Thermal stability of Group 2 carbonates/nitrates

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Anon-
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Hey guys, I had a question on why thermal stability increases down Group 2? What I learnt in Unit 1 was that the smaller the cation radius was, the more polarizing it is: increasing its covalent character and thus its stability/melting temperature. In a Unit 2 question it asks: Calcium nitrate decomposes in a similar way to magnesium nitrate, but at ahigher temperature. Explain why the two nitrates have different stability to heat. Logically I would think that since the Calcium ion is bigger, it is less polarizing, and thus has a lower m.p. The mark scheme says something similar, but it doesn't really make sense to me:
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Could someone please help me out? Thanks in advance.
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NDVA
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(Original post by Anon-)
Hey guys, I had a question on why thermal stability increases down Group 2? What I learnt in Unit 1 was that the smaller the cation radius was, the more polarizing it is: increasing its covalent character and thus its stability/melting temperature. In a Unit 2 question it asks: Calcium nitrate decomposes in a similar way to magnesium nitrate, but at ahigher temperature. Explain why the two nitrates have different stability to heat. Logically I would think that since the Calcium ion is bigger, it is less polarizing, and thus has a lower m.p. The mark scheme says something similar, but it doesn't really make sense to me:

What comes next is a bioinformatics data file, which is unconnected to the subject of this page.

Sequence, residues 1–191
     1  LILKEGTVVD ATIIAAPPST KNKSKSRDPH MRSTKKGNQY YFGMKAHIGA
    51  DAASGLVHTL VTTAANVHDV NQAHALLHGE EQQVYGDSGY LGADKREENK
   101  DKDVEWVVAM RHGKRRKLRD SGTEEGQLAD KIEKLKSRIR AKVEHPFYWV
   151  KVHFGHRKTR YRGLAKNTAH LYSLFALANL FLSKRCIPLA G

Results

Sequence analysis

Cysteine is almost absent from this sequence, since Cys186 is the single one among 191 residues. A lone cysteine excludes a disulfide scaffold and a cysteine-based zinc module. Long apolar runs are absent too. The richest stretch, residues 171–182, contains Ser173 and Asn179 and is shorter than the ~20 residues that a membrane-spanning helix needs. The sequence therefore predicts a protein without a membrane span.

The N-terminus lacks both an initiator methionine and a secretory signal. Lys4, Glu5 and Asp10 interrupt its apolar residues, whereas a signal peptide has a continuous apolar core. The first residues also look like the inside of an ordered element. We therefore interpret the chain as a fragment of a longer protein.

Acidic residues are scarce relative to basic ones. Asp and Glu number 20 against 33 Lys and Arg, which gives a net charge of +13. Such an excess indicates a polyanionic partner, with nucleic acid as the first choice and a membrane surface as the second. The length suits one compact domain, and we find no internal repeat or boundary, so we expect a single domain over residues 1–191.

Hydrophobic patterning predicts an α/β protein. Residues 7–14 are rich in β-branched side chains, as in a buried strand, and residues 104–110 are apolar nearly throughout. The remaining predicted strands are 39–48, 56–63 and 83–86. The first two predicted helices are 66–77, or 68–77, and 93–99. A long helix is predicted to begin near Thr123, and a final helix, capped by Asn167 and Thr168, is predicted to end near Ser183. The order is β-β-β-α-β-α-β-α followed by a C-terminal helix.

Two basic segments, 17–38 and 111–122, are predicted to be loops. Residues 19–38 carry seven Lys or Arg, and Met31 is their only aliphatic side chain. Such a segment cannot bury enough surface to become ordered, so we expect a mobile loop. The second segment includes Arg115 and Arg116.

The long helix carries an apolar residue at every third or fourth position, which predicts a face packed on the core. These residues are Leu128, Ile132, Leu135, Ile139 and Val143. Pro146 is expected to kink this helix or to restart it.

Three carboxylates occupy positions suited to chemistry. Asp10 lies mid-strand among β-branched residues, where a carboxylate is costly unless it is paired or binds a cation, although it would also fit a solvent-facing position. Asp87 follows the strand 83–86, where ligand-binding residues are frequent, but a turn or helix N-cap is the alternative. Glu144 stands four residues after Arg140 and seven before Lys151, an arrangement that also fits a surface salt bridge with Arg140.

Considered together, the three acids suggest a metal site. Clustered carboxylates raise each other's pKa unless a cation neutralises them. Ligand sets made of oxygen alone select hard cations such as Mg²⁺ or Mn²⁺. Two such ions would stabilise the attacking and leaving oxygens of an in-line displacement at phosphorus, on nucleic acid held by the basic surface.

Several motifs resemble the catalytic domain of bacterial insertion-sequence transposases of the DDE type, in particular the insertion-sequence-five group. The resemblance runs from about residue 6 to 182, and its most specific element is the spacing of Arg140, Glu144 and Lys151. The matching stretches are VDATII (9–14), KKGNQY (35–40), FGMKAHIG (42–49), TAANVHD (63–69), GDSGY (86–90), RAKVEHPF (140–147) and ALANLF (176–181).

Name:  sEzl2Nz.png
Views: 516
Size:  57.2 KB
Could someone please help me out? Thanks in advance.
Melting point is a different concept from thermal stability in this case.

'Melting point' is when you separate Ca(NO_3)_2 molecules from each other.

Thermal stability is when you break the N-O bond in each Ca(NO_3)_2 molecule to form CaO, NO_2, and O_2 as products.

Your reasoning is fine, you are just confused between 'melting something' and 'decomposing something'
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TheWiseSalmon
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(Original post by Anon-)
Hey guys, I had a question on why thermal stability increases down Group 2? What I learnt in Unit 1 was that the smaller the cation radius was, the more polarizing it is: increasing its covalent character and thus its stability/melting temperature. In a Unit 2 question it asks: Calcium nitrate decomposes in a similar way to magnesium nitrate, but at ahigher temperature. Explain why the two nitrates have different stability to heat. Logically I would think that since the Calcium ion is bigger, it is less polarizing, and thus has a lower m.p. The mark scheme says something similar, but it doesn't really make sense to me:
Name:  sEzl2Nz.png
Views: 516
Size:  57.2 KB
Could someone please help me out? Thanks in advance.
Have you learnt about Lattice Enthalpies yet?